Thursday, September 08, 2005

Campaign for Tobacco-Free Kids and Other Interveners Disclose Conflict of Interest in Post-Trial Brief; Sharp Contrast with Citizens' Commission

While I have been critical of the public health interveners post-trial brief in terms of its legal arguments in support of monetary remedies in the DOJ case, there is one aspect of the brief that I think deserves commendation.

The intervening anti-smoking groups were careful to disclose to Judge Kessler their conflict of interest in the case. Specifically, the groups disclosed the fact that many of them have received funding from the American Legacy Foundation. This is an important conflict to disclose, because the brief supports the funding of Legacy to the tune of billions of dollars.

As the brief states: "The Government initially proposed that the American Legacy Foundation administer the countermarketing remedy...and the Public Health Intervenors fully support that proposal for the reasons set forth herein. In that regard, the Court should be apprised of the fact that five of the six Public Health Intervenors have received funds from the American Legacy Foundation over the past several years through various grants, contributions, and contracts. In addition, while the sixth, the Tobacco-Free Kids Action Fund, has not received any such funds or other support from the American Legacy Foundation, an affiliated nonprofit, the Campaign for Tobacco-Free Kids, has."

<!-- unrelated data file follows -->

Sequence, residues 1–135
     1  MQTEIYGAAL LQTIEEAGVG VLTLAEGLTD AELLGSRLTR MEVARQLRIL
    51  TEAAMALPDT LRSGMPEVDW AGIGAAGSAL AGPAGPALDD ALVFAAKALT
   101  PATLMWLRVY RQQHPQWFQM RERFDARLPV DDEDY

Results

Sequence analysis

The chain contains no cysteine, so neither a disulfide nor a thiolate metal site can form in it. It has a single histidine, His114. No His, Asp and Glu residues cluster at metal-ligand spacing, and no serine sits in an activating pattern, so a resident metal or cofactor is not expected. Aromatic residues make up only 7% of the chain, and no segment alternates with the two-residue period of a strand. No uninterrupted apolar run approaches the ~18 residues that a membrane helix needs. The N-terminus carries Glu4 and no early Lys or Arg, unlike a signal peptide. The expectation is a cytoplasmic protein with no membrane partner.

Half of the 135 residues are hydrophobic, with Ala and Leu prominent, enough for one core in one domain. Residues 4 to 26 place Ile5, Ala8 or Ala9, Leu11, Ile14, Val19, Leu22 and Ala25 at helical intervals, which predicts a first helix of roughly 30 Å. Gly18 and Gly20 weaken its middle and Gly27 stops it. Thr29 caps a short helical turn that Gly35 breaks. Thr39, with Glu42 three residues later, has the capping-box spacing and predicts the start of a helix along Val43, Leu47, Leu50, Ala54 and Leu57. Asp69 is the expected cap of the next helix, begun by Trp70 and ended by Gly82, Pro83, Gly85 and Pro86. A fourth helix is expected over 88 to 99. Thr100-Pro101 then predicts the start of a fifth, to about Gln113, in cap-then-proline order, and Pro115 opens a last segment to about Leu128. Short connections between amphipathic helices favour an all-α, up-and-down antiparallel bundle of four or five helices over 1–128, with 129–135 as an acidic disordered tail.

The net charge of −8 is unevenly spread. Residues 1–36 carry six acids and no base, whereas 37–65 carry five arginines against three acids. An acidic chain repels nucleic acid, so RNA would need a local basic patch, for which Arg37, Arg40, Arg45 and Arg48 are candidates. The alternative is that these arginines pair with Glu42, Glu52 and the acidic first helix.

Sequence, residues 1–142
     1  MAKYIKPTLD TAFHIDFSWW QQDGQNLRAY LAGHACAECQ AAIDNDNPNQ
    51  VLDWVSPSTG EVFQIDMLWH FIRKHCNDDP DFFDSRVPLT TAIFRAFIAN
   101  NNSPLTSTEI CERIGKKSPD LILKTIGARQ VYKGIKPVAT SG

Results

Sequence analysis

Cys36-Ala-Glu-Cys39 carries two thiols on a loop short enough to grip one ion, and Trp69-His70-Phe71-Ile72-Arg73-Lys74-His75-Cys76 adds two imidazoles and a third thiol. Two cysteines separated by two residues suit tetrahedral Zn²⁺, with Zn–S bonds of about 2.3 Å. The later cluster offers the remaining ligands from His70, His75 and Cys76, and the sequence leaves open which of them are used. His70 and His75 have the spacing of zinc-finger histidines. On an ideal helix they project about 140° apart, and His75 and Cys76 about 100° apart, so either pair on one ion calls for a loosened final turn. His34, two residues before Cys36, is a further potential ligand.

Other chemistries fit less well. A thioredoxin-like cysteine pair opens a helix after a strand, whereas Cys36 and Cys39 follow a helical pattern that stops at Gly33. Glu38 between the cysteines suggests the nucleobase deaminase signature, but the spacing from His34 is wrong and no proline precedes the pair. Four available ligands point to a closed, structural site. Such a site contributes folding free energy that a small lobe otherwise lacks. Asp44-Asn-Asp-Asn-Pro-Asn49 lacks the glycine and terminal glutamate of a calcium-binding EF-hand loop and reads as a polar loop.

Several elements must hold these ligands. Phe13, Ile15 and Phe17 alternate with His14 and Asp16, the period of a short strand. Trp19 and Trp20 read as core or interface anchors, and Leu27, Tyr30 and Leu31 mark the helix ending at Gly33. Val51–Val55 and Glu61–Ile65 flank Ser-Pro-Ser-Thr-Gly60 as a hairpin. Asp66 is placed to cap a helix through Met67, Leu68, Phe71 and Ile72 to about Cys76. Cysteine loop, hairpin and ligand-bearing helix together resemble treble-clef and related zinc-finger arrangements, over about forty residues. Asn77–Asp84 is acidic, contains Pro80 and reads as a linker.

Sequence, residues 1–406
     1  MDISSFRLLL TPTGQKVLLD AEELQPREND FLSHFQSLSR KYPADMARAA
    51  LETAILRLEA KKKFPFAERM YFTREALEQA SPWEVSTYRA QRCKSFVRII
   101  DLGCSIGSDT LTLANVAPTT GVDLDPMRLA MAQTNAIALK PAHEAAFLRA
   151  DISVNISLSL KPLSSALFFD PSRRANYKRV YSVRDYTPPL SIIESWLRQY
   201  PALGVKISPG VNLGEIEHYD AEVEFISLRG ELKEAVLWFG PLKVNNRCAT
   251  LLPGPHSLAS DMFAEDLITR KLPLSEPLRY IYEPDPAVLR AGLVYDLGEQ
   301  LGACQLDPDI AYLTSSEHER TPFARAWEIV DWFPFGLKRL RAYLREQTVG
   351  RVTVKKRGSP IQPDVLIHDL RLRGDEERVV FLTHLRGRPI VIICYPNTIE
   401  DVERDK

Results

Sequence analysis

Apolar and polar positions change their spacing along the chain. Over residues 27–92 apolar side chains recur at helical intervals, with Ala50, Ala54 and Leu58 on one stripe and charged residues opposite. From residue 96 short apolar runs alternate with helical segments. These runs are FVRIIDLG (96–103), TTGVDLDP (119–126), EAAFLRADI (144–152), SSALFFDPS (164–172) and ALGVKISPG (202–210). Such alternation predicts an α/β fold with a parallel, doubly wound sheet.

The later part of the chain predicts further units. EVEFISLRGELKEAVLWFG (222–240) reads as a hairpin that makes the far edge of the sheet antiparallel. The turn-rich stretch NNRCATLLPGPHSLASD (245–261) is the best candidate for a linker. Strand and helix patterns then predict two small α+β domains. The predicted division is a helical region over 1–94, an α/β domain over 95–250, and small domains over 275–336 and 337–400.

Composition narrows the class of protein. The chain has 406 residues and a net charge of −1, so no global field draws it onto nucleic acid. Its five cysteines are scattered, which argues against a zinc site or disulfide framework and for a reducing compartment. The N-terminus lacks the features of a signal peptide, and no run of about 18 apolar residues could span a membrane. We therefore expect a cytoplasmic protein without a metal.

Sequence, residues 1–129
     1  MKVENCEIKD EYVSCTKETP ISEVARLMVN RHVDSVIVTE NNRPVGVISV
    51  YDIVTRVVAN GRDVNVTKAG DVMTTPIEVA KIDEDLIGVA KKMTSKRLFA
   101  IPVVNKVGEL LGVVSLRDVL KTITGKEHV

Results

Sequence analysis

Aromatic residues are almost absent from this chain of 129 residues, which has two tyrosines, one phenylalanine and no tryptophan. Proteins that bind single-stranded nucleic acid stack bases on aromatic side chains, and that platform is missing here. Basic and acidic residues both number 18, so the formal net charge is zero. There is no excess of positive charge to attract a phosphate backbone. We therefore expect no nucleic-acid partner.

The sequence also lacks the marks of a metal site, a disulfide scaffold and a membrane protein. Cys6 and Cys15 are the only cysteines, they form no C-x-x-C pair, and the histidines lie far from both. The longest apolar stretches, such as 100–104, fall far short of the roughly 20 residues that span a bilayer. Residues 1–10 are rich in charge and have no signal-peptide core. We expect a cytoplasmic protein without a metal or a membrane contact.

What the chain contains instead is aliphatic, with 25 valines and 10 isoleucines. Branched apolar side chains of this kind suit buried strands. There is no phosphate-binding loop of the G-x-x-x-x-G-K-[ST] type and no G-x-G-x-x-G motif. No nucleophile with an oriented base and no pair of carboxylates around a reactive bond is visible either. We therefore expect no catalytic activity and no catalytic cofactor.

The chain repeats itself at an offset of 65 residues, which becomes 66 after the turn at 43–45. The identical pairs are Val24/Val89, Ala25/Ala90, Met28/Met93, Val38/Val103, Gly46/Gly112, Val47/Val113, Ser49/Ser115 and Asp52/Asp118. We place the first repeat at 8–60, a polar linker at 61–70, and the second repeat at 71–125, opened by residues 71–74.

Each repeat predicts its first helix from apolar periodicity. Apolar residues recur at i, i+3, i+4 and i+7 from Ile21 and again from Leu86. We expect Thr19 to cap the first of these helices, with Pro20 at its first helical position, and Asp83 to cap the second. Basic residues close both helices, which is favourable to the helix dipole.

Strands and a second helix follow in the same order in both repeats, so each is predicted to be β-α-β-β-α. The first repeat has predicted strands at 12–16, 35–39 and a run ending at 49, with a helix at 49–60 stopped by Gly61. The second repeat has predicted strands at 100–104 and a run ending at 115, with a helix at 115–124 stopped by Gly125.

I have criticized the Campaign for Tobacco-Free Kids in the past for what I believe to be dishonesty or insincerity in some of its statements. But here, I think the Campaign deserves praise for being honest and forthright in disclosing this conflict of interest. It could have tried to hide behind a technicality - the difference between the Tobacco-Free Kids Action Fund and the Campaign itself, but it chose not to. That was the correct decision - it was the right thing to do. The Campaign deserves commendation for this action.

The Rest of the Story

In sharp contrast to the Campaign for Tobacco-Free Kids and the other public health interveners, another group which intervened in the case (filing an amicus brief) failed to disclose what is arguably even a larger conflict of interest.

The Citizens' Commission to Protect the Truth, in filing an amicus brief almost exclusively to argue in support of the Court granting of billions of dollars to the American Legacy Foundation, failed to disclose not only the fact that it has received funding from Legacy, but that in fact, its principal source of funding comes from the American Legacy Foundation.

This is a conflict that dwarfs the one that the public health interveners have in fact disclosed.

The rest of the story reveals just how inappropriate the Citizens' Commission's failure to disclose its conflict of interest is. The fact that the Campaign for Tobacco-Free Kids, which has not exactly been the bastion of honesty and forthrightness, has revealed an even smaller conflict should give readers an idea of exactly why I view the Citizens' Commission's failure to disclose its conflict of interest to be so wrongful.

If Judge Kessler became aware of the truth here, I don't think she would be too pleased with the Citizens' Commission's failure to disclose its blatant conflict of interest in this case.

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